While much of the food I buy isn't actually grown in Brooklyn, it's fairly easy for me to get access to great fruits and vegetables grown within a 100 miles or so, as well as grass-fed, organic meat. (Thank you, Food Coop!) The bigger natural food chains of Whole Foods and Trader Joe's as well as the local empire Fairway have finally taken notice of Brooklyn's huge population of food lovers and are offering better food options to locals.
I try to buy local fruits and vegetables whenever I can, preferring that designation over simply "organic." (Though I enjoy the huge privilege of shopping at the Coop, where much of the produce is both.) An organic Red Delicious apple from Washington State shipped to me in Brooklyn tastes terrible, so IMO, what's the point?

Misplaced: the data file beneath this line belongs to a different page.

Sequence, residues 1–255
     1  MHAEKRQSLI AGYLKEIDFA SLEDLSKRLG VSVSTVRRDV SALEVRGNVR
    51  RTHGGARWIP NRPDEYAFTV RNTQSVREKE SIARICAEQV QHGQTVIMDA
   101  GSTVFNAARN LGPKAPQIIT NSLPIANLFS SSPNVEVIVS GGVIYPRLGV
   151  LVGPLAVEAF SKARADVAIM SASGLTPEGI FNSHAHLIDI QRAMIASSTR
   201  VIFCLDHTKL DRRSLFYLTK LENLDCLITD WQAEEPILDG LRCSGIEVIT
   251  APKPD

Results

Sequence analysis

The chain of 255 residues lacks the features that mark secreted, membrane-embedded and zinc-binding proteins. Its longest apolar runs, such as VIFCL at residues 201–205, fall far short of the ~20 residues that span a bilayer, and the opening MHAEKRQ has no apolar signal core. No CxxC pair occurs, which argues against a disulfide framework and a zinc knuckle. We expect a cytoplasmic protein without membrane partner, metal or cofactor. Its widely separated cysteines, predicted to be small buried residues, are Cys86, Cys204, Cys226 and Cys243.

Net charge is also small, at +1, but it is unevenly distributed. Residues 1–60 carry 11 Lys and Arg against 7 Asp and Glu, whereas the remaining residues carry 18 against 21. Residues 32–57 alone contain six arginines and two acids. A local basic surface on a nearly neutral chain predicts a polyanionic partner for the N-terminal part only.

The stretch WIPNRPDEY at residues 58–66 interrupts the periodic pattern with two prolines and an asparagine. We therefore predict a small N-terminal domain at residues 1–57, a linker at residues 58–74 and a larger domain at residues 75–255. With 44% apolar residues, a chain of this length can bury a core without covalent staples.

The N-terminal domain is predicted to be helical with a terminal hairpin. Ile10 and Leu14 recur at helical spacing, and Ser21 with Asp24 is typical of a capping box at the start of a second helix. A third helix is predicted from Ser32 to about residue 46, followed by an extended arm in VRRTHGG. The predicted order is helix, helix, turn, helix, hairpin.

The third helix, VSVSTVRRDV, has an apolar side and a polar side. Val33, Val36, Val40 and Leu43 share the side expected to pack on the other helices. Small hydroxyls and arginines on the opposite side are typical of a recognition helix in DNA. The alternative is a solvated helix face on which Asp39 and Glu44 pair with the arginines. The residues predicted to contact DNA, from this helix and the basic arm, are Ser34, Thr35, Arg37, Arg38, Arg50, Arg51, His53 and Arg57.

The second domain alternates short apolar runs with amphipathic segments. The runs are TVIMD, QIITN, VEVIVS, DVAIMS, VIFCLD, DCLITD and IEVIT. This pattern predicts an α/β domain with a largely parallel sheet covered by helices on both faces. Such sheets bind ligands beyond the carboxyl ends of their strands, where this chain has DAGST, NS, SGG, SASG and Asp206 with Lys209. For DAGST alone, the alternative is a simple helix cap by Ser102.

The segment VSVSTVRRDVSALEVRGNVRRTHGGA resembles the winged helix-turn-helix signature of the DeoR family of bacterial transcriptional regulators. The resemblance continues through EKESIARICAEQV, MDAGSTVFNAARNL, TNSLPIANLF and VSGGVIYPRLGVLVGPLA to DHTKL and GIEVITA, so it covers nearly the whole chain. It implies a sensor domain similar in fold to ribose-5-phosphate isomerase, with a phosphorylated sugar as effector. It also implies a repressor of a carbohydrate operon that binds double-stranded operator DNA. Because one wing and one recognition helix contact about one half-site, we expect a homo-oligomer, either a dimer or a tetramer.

There have recently been articles debunking the environmental arguments for buying local, but I think this misses the point. Buying local is not just about saving on carbon-footprints. It's about being connected to your community and having a better connection to the food you eat. When you buy local food, you are more likely to be eating better, fresher meat and produce. That also means that the food is more likely to be in season, and more likely to have been treated with care all along the distribution route.
All this supports the family meal. When everyone enjoys the food and is nourished by it, they are more likely to join in the family meal and look forward to the time together.
Some Articles and Books
Local Locavores: My Empire of Dirt, with video, and another Brooklyn story
Locavore, Get Your Gun (I love the title of this one.)
If it's Fresh and Local, is it Always Green?
My Year in Vegetables: Barbara Kingsolver
Michael Pollan's Omnivore's Dilemma